2650 East End Blvd. South
Marshall, TX 75671
Employment of drafters is expected to grow more slowly than the average for all occupations through 2014. Industrial growth and increasingly complex design problems associated with new products and manufacturing processes will increase the demand for drafting services. Further, drafters are beginning to break out of the traditional drafting role and do work traditionally performed by engineers and architects, thus also increasing demand for drafters. However, drafters tend to be concentrated in slowly growing or declining manufacturing industries. CADD systems that are more powerful and easier to use also should limit demand for lesser skilled drafters as simple tasks are increasingly done quickly and easily by other drafters or other technical professionals, resulting in slower-than-average overall employment growth. Because some drafting work can be done in other locations using the Internet to send CADD files internationally, the offshoring of some drafting jobs also should dampen growth. Most job openings are expected to arise from the need to replace drafters who transfer to other occupations, leave the labor force, or retire.
Opportunities should be best for individuals with at least 2 years of postsecondary training in a drafting program that provides strong technical skills, as well as considerable experience with CADD systems. CADD has increased the complexity of drafting applications while enhancing the productivity of drafters. It also has enhanced the nature of drafting by creating more possibilities for design and drafting. As technology continues to advance, employers will look for drafters with a strong background in fundamental drafting principles, a high level of technical sophistication, and the ability to apply their knowledge to a broader range of responsibilities.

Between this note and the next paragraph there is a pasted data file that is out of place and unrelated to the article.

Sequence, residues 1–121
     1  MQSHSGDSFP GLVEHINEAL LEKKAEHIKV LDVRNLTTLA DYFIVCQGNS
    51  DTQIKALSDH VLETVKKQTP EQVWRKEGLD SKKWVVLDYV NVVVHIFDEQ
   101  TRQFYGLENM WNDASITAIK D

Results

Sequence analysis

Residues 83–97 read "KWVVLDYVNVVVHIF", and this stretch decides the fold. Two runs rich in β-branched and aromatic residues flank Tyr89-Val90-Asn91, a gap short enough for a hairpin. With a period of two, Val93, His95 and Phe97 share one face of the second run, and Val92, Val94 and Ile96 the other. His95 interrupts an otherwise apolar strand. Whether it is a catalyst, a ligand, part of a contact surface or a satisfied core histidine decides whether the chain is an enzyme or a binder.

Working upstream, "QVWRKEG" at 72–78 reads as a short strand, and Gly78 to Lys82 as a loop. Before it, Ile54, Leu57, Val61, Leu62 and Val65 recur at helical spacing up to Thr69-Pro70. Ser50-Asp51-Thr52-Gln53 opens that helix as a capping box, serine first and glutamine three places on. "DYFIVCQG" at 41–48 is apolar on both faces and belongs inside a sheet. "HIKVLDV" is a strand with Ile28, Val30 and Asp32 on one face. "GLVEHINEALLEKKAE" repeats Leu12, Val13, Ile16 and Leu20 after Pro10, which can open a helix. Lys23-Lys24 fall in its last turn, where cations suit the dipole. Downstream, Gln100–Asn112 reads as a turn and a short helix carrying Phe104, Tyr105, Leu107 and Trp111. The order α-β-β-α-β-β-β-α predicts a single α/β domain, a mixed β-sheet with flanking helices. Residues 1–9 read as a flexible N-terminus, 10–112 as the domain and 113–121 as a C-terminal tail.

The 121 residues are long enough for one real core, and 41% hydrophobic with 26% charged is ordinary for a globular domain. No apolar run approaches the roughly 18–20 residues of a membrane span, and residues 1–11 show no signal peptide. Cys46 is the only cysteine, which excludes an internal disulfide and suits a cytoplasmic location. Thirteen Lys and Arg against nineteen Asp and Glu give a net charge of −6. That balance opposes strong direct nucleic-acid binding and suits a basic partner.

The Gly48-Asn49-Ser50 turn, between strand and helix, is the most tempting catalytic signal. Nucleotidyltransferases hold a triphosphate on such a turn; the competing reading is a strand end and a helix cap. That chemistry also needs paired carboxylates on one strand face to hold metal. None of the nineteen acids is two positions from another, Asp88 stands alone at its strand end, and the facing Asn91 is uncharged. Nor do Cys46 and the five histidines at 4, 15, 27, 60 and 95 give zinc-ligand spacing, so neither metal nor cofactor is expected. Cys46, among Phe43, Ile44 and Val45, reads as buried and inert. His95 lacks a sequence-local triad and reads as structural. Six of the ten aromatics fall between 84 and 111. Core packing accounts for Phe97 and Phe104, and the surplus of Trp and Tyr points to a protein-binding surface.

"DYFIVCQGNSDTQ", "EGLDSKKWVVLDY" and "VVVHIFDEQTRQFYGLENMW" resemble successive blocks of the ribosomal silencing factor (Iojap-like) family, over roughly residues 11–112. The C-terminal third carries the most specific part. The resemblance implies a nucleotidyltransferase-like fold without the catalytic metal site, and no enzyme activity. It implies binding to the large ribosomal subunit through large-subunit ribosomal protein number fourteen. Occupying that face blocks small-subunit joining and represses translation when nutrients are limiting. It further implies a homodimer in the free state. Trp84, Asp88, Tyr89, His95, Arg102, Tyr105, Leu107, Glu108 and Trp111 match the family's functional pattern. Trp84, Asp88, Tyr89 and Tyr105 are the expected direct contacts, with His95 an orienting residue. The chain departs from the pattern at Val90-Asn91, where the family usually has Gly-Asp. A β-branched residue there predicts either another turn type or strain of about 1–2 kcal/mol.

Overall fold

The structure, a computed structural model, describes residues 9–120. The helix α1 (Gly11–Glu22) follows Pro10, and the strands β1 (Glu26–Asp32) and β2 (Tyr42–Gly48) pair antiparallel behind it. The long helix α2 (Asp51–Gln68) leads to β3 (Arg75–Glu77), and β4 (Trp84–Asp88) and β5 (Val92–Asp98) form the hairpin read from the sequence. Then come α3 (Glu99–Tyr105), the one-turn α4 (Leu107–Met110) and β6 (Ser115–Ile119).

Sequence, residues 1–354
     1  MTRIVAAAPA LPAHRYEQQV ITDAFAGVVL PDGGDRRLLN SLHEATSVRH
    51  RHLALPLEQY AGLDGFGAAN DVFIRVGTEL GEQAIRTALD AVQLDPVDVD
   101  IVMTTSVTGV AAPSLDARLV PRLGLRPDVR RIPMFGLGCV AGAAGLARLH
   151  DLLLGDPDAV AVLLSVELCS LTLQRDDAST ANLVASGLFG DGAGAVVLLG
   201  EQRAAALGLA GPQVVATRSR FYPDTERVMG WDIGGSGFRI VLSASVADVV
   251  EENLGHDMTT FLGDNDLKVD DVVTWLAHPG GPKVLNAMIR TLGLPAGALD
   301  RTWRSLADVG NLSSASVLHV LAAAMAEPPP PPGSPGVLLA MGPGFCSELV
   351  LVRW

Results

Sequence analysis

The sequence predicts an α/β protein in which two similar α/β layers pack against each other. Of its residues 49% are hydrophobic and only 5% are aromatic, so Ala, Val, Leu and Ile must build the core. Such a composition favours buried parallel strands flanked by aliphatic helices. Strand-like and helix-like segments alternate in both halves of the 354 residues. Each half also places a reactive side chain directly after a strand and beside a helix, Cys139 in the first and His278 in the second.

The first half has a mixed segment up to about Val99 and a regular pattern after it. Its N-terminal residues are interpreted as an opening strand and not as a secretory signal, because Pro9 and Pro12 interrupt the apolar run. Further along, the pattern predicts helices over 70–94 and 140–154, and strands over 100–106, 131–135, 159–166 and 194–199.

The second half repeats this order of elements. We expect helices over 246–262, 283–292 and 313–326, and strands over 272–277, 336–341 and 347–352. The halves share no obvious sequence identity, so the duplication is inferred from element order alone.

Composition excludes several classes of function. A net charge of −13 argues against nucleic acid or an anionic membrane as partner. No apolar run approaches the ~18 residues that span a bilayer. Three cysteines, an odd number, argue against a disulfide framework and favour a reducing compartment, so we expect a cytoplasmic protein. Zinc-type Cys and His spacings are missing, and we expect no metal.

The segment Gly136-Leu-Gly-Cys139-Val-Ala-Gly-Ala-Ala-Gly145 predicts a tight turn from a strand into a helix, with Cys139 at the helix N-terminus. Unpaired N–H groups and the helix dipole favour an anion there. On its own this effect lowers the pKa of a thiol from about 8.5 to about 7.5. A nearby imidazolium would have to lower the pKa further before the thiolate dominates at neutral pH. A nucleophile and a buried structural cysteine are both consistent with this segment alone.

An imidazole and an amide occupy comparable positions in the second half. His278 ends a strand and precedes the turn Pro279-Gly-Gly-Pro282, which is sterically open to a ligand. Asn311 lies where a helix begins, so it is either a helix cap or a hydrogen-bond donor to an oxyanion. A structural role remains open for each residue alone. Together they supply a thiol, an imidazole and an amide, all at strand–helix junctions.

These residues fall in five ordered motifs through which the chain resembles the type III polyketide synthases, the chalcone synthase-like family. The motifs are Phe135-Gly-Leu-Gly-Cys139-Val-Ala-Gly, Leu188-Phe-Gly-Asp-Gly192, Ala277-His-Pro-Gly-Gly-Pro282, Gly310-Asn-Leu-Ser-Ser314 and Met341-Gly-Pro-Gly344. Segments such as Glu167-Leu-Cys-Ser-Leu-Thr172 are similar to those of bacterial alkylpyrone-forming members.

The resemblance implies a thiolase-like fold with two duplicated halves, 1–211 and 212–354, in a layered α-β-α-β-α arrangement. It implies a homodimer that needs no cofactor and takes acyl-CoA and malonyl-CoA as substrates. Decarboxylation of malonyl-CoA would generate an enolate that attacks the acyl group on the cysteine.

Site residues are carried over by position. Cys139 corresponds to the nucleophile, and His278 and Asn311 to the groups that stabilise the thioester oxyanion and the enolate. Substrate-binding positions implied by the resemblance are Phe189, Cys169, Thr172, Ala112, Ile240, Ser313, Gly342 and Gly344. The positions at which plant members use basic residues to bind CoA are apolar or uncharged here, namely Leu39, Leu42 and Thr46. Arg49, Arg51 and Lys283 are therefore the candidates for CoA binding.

Technicians in Demand:
While growth is expected to be greatest for mechanical, architectural, and civil drafters, demand for particular drafting specialties varies throughout the country because employment usually is contingent on the needs of local industry. Employment of drafters remains highly concentrated in industries that are sensitive to cyclical changes in the economy, primarily manufacturing industries.
Drafters held about 254,000 jobs in 2004. Architectural and civil drafters held 43 percent of all jobs for drafters, mechanical drafters held about 32 percent of all jobs, and about 15percent of jobs were held by electrical and electronics drafters.
About 44 percent of all jobs for drafters were in architectural, engineering, and related services firms that design construction projects or do other engineering work on a contract basis for other industries. Another 27 percent of jobs were in manufacturing industries such as machinery manufacturing, including metalworking and other general machinery; fabricated metal products manufacturing, including architectural and structural metals; computer and electronic products manufacturing, including navigational, measuring, electromedical, and control instruments; and transportation equipment manufacturing, including aerospace products and parts manufacturing, as well as ship and boat building. Most of the rest were employed in construction, government, wholesale trade, utilities, and employment services. Approximately 6 percent were self-employed in 2004.